Law and Conversation

August 17, 2011

To Tweet Or Not To Tweet? I’m TechnoLawyer’s Pick of the Week!

Wowie zowie–TechnoLawyer chose my cover story, “To Tweet Or Not To Tweet,” in the current issue (August 2011) of the Illinois Bar Journal, for BlawgWorld’s Pick Of The Week!

BlawgWorld publishes newsletters for lawyers. Its editors cull what they judge to be the best articles from legal publications all over the web for a handy weekly e-mail newsletter. (I don’t know how those editors work, but by even a conservative measure, that’s a LOT of articles to weed through every week. Lawyers deal in words, after all, and there’s a legal publication for practically every state, every local bar association, every national bar association, and every area and size of practice within those locales. There are also legal publications for gadgets and software that lawyers use. Then there are legal blogs, also known as blawgs–hundreds of those, at a minimum, many of which contain superb writing and insights.)

From all of those articles, the editors at BlawgWorld choose around a hundred each week to link to. From those top 100, they select ONE to excerpt and feature at the top of the newsletter. For the week of August 9, it’s mine! My head is still spinning.

The best things in life are free, and that includes BlawgWorld’s newsletters. You can subscribe by hitting the nice badge above that they sent me and following the instructions on the page it takes you to. Thanks so much to BlawgWorld’s great newsletter editors, Adriana Linares and Liz Kurtz, as well as to Neil Squillante, BlawgWorld’s publisher, and Kathryn Hughes, who writes the TechnoLawyer Blog, for choosing my article to feature. Thanks to all the lawyers I interviewed for the article and for the related , who provided terrific insights and commentary; I’ve included all of them, as well as many more, in my Illinois Lawyers Twitter list. Special thanks to Sonya Olds Som,  a lawyer and business development specialist at the legal search firm Major, Lindsay, and Africa, and Carol Ross, a career coach in Boulder, CO and fellow Northwestern alum, who gave me good insights into social media back in 2009 for my article, “Twitter and LinkedIn and Facebook, Oh My!” that appeared in the June 2009 issue of the IBJ. And thanks to my own wonderful editor at the Illinois State Bar Association, Mark Mathewson, for all of his work and support!

August 12, 2011

Crime fiction, Giller Prize, CLE

Despite its popularity, crime fiction isn’t generally a genre that attracts me. Even though I’ve practiced only civil, not criminal, law, it’s just always seemed too much like reading about work in my free time. By its nature, any crime fiction novel involves an investigation, which is common to any legal matter, criminal or civil. Often lawyers are involved. And then there are the gory details–sometimes more, sometimes less.

But Sarah Weinman has an article in The Wall Street Journal that explains what its devotees see in it. Reviewing a new translation of French noir novelist Jean-Patrick Manchette‘s “Fatale,” Weinman writes “One way crime novels become classics is by channeling the social concerns of the day. Raymond Chandler’s novels were indictments of moral corruption, pre- and post-World War II, while Dashiell Hammett countered Jazz Age excess with a decided anti-capitalist bent. These works offered a window into how the world really works, not how we wish it did.”

Weinman’s analysis makes sense to me, and it’s helping to convince me to plan on reading some noir in the near future. Reading some intriguing reviews and mentions of noir such as Jean-Claude Izzo’s and Carlo Lucarelli’s works on The Europa Challenge Blog, which are published in translation by Europa Editions, is strengthening my resolve. Crime fiction always includes strong stories and place settings, both of which I love. And I’ve observed that doing or reading something outside my usual routine on a regular basis almost always reinvigorates me.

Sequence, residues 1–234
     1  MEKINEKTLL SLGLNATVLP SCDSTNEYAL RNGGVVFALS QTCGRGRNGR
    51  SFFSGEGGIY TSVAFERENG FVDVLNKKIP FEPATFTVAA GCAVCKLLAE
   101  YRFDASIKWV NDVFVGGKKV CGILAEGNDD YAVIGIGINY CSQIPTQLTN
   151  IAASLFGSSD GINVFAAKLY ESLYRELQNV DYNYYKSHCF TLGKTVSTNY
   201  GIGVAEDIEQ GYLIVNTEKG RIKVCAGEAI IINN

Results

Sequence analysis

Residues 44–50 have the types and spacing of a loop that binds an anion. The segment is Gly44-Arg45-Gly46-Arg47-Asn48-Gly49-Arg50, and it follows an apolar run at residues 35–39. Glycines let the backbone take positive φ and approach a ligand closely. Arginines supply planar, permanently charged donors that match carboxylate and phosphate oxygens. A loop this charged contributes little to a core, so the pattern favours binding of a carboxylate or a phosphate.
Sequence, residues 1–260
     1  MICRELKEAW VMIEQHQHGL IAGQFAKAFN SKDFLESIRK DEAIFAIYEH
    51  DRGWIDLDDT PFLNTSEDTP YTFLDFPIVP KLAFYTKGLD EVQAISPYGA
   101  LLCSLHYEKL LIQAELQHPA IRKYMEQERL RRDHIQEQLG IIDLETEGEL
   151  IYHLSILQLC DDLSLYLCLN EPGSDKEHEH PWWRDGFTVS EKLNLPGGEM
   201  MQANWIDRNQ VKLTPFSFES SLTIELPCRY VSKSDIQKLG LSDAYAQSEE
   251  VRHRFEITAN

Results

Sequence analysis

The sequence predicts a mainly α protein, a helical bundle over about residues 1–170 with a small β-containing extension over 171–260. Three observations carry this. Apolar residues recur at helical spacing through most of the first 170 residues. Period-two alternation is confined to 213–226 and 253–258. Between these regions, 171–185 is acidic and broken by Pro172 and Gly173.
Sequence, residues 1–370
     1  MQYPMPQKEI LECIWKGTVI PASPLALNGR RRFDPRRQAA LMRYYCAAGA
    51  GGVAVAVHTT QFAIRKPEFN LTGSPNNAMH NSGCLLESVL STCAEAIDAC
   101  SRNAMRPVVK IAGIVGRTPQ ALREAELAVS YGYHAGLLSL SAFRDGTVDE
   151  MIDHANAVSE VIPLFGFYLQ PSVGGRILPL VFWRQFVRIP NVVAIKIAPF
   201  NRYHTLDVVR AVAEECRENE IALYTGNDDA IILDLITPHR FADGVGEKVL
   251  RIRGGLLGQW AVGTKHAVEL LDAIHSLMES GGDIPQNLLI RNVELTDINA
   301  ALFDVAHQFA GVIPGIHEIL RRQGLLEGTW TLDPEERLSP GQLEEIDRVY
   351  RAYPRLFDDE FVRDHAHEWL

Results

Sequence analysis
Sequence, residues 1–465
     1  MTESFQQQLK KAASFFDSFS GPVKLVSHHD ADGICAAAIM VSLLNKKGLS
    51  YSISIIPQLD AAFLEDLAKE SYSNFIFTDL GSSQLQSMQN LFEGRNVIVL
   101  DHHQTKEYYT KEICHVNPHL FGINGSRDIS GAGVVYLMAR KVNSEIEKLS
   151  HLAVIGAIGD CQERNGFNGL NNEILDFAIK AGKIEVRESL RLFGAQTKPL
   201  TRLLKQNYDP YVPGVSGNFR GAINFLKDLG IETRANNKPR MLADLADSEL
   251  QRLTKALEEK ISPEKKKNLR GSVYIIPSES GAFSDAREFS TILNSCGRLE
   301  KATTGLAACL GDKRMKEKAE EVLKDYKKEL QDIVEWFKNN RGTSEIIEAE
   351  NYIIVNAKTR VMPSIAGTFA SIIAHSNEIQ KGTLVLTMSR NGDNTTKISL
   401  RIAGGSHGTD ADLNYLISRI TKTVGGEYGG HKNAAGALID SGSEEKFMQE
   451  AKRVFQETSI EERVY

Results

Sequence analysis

Speaking of the Europa Challenge blog, after noticing a tweet yesterday about the forthcoming announcement of the longlist for the ScotiaBank Giller Prize, which annually recognizes the (arguably) best Canadian novel or short story collection published, I wondered (via tweets) whether some of the many Canadian booklovers might establish a Giller Prize Challenge Blog along the same lines as the one for Europa Editions books, which, in turn, was inspired by The Complete Booker blog.

The Giller Prize has been awarded only since 1994, so there aren’t as many to choose from–and those with far more expertise in CanLit than I pointed out that the quality of some of the winners has been controversial. So I proposed (also by tweet) that if someone does decide to establish a challenge blog, extending the reading challenge to books that made the shortlist–to expand the choices, not to challenge participants to actually read all of them (unless they really wanted to). As on the Europa Challenge Blog, participants could choose to read 4, or 7, or 14, or any other number, for various levels of satisfaction.

Toronto literary critic Steven W. Beattie responded by linking to a recent post of his own criticizing the method for selecting Giller contenders. Follow him, @bookgaga, @janetsomerville, @jadeperreault, @lawartsculture, @GillerPrize, and, of course, @MargaretAtwood, among many other bookloving Canadians, on Twitter for incisive tweets about CanLit and more. Please follow my fellow bloggers over at The Europa Challenge Blog, too!

I was thrilled to learn this week that several of my articles that have appeared in the Illinois Bar Journal will be included in materials for upcoming CLE seminars in Illinois and Oklahoma. “Tech tools for solos” and “From Sheepskin to Shingle,” both of which appeared in the September 2009 issue of the IBJ, will be part of the materials for an Oklahoma Bar Association seminar on the basics of law office technology, while “Unbundling Explained,” published in the October 2010 IBJ, will be included in the materials for a webinar from the Illinois Institute of Continuing Legal Education on Limited Scope Representation. I had a lot of fun writing the lead article in the current (August 2011) IBJ, “To Tweet Or Not To Tweet: Twitter For Lawyers,” since as part of my preparation I got to talk to and quote a number of lawyers I follow on Twitter.

Are you reading or planning to read anything that’s unusual for you?

February 1, 2011

More on court opinions on the Internet